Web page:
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Economic indicators bottoming or more economic weakness?

Conference Board


The Conference Board is nonprofit business membership and research organization of over 1,000 public and private corporations and other members, encompassing 60 countries. The member-driven not-for-profit think tank organization continues to play an integral role in reporting economic conditions for the U.S. economy since its formation in 1916. It publishes unbiased information, including the widely tracked economic indicators – leading, coincident, and lagging economic indicators. The composite economic indicators help identify peaks and troughs in the business cycles.


Based on the uncertainties surrounding the U.S. and global economy and central banks, many investors have turned to the Conference Board’s economic indicators, including the Lagging Economic Indicators (LAG), Coincident Economic Indicators (CEI), and Leading Economic Indicators (LEI) for guidance to help uncover the state of the economy.


Lagging Economic Indicators (LAG)


(1) Non-farm payrolls (NFP) – U.S. Bureau of Labor Statistics publishes monthly labor market reports. (2) Average hourly earnings – U.S. Bureau of Labor Statistics releases the price businesses pay for labor on the first Friday of each month. (3) Unemployment rate – One of the most significant lagging indicators. It shows the percentage of the workforce that is unemployed but seeking employment. (4) Corporate earnings – It is a popular lagging indicator widely tracked by investors. Because it reports the past performances of a company, it is often late to pivotal turns in business cycles.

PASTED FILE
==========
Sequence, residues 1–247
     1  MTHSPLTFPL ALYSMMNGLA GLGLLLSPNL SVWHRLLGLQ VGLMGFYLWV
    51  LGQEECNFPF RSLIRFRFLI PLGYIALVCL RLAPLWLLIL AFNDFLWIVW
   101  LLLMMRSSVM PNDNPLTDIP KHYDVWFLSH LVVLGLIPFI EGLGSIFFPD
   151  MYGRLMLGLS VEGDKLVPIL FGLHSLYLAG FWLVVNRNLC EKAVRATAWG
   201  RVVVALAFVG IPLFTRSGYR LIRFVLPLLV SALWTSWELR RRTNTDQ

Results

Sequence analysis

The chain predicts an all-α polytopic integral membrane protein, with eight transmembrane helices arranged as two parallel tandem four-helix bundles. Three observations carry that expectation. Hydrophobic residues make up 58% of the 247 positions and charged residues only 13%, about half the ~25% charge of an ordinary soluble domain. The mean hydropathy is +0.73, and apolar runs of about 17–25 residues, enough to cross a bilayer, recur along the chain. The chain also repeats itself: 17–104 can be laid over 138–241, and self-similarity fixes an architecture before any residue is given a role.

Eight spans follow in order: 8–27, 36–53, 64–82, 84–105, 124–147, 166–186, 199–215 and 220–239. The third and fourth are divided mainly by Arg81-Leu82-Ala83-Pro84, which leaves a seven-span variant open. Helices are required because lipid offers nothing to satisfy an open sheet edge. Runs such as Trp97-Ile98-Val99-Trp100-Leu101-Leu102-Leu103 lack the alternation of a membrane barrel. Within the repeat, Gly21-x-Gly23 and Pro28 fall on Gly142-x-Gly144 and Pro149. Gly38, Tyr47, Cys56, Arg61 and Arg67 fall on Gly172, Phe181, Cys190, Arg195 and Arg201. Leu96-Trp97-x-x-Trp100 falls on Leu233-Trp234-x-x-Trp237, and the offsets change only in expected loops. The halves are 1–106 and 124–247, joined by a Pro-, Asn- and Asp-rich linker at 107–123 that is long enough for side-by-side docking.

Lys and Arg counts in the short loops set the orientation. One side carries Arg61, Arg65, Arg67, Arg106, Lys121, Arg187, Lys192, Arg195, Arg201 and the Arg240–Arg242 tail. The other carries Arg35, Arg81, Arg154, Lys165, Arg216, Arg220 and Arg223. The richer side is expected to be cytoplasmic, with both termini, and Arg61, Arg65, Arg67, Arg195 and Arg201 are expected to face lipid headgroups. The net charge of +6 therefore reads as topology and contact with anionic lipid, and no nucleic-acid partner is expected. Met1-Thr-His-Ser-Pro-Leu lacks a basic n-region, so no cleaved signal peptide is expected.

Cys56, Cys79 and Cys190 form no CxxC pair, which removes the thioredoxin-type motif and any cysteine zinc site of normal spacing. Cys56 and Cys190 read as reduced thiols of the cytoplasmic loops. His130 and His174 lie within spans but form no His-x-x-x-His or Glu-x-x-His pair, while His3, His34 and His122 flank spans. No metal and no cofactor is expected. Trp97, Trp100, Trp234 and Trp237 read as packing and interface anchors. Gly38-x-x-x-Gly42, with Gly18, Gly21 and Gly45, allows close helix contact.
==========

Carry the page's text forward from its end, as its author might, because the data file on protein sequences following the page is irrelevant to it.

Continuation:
Coincident Economic Indicators (CEI)


(1) Gross Domestic Product (GDP) – It is one of the broadest measures of economic activity. The important coincident indicator measures the change in the total value of all goods and services produced. (2) Gross National Product (GNP) – Another popular coincident indicator measuring economic activities. Unlike GDP, GNP includes the net income from foreign investments. (3) Personal spending or consumer spending – Because 70% of the US GDP comes from consumer spending, it is one of the most followed measures of economic health. (4) Retail sales – U.S. Census Bureau releases the total value of consumer-level sales approximately 13 days after the month ends. It is a gauge of consumer spending and economic activity. (5) Industrial production – This indicator measures the value of the output produced by industrial manufacturers. It is another relevant coincident indicator since production is sensitive to changes in the business cycle. (6) Consumer Price Index (CPI) – Investors and traders monitor CPI for changes in the price of goods and services to determine inflationary pressures and shifts in monetary policies. (7) Producer Price Index (PPI) – Another widely followed inflation indicator that records finished goods and services from producers. Changes in PPI can lead to cost-push inflation.


Leading Economic Indicators (LEI)